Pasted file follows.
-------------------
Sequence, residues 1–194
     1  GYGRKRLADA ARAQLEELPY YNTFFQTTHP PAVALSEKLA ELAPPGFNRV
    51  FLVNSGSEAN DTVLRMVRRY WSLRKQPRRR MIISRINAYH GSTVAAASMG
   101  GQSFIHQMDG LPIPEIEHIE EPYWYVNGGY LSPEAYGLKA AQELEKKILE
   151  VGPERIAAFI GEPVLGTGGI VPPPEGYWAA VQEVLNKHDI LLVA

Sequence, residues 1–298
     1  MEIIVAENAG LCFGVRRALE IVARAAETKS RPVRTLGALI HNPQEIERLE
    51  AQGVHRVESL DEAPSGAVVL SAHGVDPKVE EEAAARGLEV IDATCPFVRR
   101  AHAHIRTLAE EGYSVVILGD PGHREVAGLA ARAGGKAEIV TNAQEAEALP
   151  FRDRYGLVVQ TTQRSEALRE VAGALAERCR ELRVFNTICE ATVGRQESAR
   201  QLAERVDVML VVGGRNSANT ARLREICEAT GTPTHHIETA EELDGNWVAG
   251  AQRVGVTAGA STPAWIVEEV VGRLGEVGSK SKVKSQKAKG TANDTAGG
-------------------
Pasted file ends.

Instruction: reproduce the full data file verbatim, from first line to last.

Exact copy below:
Sequence, residues 1–194
     1  GYGRKRLADA ARAQLEELPY YNTFFQTTHP PAVALSEKLA ELAPPGFNRV
    51  FLVNSGSEAN DTVLRMVRRY WSLRKQPRRR MIISRINAYH GSTVAAASMG
   101  GQSFIHQMDG LPIPEIEHIE EPYWYVNGGY LSPEAYGLKA AQELEKKILE
   151  VGPERIAAFI GEPVLGTGGI VPPPEGYWAA VQEVLNKHDI LLVA

Sequence, residues 1–298
     1  MEIIVAENAG LCFGVRRALE IVARAAETKS RPVRTLGALI HNPQEIERLE
    51  AQGVHRVESL DEAPSGAVVL SAHGVDPKVE EEAAARGLEV IDATCPFVRR
   101  AHAHIRTLAE EGYSVVILGD PGHREVAGLA ARAGGKAEIV TNAQEAEALP
   151  FRDRYGLVVQ TTQRSEALRE VAGALAERCR ELRVFNTICE ATVGRQESAR
   201  QLAERVDVML VVGGRNSANT ARLREICEAT GTPTHHIETA EELDGNWVAG
   251  AQRVGVTAGA STPAWIVEEV VGRLGEVGSK SKVKSQKAKG TANDTAGG